Canada Revenue Agency lauds its war on tax evasion
CRA says global cooperation leading to more data sharing
TORONTO, November 14, 2018 – The Canada Revenue Agency is giving itself a pat on the back for its record on countering offshore tax evasion and aggressive tax avoidance. It credits international partnerships and federal government funding for its record.
The message has gotten through to laggard taxpayers. Almost twice the number of Canadians rushed to beat last spring’s deadline for the voluntarily disclosure of undeclared income taxes before the rules got tougher. However, tax lawyers and accountants whose clients used the Voluntary Disclosures Program (VDP) have been critical of changes to the program, saying the VDP was an effective money-maker for the government.
OECD initiative leads to more transparency, data sharing
According to Minister of National Revenue Diane Lebouthillier, "International cooperation is key to fighting tax evasion and aggressive tax avoidance. By participating in the Common Reporting Standard initiative, we have access to information that will help us identify cases where Canadians may hide money abroad to avoid paying taxes, improving Canada’s ability to protect its tax base."
The Common Reporting Standard (CRS) was approved by the Organisation for Economic Co-operation and Development (OECD) in July 2014. The CRS was implemented in Canada in 2017 and includes the participation of more than 100 jurisdictions. In June 2018, Canada completed its first exchanges under the Country-by-Country (CbC) Reporting initiative. This compliance tool provides Canada with more information to risk assess multinationals who may be inappropriately shifting profits offshore.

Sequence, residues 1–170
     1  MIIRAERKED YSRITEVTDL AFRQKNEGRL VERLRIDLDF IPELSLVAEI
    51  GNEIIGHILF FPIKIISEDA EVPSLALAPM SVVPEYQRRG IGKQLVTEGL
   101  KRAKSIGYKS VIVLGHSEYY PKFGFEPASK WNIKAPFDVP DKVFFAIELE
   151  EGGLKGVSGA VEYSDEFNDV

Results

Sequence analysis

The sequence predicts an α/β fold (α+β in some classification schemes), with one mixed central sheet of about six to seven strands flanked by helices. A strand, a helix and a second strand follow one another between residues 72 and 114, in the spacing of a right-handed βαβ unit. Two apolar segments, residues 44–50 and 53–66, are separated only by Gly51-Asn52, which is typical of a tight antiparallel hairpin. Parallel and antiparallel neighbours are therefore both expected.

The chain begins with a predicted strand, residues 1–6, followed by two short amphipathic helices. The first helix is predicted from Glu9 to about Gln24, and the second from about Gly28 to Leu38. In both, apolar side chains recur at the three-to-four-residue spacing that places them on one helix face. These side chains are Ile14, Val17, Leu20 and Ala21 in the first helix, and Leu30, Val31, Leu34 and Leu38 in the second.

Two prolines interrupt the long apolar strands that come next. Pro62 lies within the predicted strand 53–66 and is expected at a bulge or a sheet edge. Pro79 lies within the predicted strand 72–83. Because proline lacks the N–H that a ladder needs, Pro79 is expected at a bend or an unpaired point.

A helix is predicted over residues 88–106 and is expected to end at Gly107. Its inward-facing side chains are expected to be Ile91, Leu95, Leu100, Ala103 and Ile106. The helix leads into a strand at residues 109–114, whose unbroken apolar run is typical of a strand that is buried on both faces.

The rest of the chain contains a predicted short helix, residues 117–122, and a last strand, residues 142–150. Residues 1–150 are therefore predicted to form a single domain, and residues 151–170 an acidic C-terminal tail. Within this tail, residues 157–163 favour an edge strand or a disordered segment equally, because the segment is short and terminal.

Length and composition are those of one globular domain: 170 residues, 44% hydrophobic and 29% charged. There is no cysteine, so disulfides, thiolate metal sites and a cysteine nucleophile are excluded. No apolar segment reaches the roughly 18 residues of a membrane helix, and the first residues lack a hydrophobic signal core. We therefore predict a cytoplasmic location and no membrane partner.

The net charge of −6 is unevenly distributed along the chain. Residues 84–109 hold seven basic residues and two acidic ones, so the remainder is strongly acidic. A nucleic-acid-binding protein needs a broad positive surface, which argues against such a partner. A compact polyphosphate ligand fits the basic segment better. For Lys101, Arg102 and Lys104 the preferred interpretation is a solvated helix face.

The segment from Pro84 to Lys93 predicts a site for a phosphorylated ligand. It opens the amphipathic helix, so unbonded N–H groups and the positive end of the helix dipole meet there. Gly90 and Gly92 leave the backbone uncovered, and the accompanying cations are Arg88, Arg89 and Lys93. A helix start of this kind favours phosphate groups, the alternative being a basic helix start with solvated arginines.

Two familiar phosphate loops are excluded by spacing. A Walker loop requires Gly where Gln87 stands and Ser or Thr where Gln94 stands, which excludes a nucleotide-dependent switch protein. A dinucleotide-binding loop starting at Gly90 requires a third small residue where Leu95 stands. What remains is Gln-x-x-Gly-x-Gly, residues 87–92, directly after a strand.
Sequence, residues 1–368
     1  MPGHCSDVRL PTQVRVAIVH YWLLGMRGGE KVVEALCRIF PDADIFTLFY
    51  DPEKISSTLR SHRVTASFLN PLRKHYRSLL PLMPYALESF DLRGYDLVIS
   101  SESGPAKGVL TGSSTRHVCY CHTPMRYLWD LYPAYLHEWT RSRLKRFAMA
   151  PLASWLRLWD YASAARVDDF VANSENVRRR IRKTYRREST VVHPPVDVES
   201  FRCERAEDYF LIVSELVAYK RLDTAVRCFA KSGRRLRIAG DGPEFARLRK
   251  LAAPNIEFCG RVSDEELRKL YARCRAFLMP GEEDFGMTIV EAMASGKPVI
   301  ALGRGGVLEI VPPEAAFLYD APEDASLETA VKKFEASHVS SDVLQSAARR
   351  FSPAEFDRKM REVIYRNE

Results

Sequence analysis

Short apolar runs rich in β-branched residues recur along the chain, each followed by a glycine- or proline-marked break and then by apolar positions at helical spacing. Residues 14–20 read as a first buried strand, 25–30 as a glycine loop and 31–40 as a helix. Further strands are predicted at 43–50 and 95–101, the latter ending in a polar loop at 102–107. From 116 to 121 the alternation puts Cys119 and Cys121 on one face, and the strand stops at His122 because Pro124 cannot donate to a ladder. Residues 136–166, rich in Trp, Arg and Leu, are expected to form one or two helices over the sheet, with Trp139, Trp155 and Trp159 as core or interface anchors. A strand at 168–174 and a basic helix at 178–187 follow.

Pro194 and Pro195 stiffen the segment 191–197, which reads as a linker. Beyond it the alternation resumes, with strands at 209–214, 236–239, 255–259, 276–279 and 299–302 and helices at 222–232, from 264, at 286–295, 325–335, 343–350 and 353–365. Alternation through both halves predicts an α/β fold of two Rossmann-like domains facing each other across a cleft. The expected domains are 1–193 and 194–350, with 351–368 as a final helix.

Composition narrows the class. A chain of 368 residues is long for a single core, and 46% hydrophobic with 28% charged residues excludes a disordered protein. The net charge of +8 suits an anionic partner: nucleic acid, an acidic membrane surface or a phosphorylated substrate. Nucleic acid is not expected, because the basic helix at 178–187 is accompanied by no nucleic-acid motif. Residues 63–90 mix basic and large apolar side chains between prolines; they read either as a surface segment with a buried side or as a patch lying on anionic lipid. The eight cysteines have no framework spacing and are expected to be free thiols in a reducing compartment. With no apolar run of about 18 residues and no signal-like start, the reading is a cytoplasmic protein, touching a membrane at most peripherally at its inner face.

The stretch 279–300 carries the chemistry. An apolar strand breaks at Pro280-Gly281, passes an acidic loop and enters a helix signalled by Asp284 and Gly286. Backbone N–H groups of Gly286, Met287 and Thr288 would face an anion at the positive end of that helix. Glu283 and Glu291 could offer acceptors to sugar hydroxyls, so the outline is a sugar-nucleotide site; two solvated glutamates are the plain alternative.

It provides the CRA with information on Canadians’ overseas financial accounts. Under the CRS, Canadian financial institutions are required to identify non-residents’ financial accounts and to provide account details annually to the CRA. The CRA then shares this information with foreign jurisdictions and in turn, the CRA receives the same type of information from other jurisdictions.
Under this initiative the CRA expects to receive information from more than 80 international partners and has committed to sending information to more than 60. The number of exchange partners is expected to increase in the coming years. Information received will help the CRA identify financial accounts held in other jurisdictions to ensure that tax residents of Canada are meeting their Canadian tax obligations.
According to the CRA, participating in the CRS honours Canada’s commitment to its OECD and Global Forum on Transparency and Exchange of Information for Tax Purposes partners to share more data in the fight against offshore tax evasion and aggressive tax avoidance.
According to the CRA, “Canada is committed to combatting offshore tax evasion and aggressive tax avoidance. Strong international partnerships are key to success. Thanks to historic investments in the last three federal Budgets, better tools and approaches in our compliance activities are helping us get more data, allowing us to better identify tax evasion and aggressive tax avoidance.”
Critics claim, however, that despite the investment by the Liberal government, the annual budget at the CRA is still $500 million below that of 2012, when the budget was cut by the previous Conservative government.
The CRA released statistics earlier this year on the “tax gap” of undeclared assets held by wealthy Canadians in offshore tax havens. It is expected to report on the tax gap of corporate tax avoidance next year and may be lauding its record now in preparing to release its report.
As predicted by Canadian Accountant, the CRA won a major ruling in the Tax Court of Canada in the case of Loblaw Financial Holdings, in relation to the grocer’s former banking subsidiary in the tax haven of Barbados. The company says it will appeal the ruling but took a $367-million one-time charge in Q3 2018.
By Canadian Accountant staff.